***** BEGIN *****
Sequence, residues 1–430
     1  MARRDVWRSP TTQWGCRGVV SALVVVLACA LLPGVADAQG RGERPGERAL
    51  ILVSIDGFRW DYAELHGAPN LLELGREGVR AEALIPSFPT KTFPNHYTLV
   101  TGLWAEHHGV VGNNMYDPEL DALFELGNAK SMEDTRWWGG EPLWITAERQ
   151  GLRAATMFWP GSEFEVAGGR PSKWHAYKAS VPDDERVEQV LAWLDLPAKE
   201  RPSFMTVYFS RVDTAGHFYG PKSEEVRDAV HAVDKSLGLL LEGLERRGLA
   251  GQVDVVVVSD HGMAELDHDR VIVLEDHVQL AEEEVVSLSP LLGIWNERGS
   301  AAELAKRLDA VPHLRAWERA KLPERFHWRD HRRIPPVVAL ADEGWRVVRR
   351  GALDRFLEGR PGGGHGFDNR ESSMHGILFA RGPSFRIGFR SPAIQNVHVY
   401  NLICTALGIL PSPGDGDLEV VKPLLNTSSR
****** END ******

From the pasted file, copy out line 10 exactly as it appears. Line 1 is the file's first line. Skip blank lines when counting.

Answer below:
   401  NLICTALGIL PSPGDGDLEV VKPLLNTSSR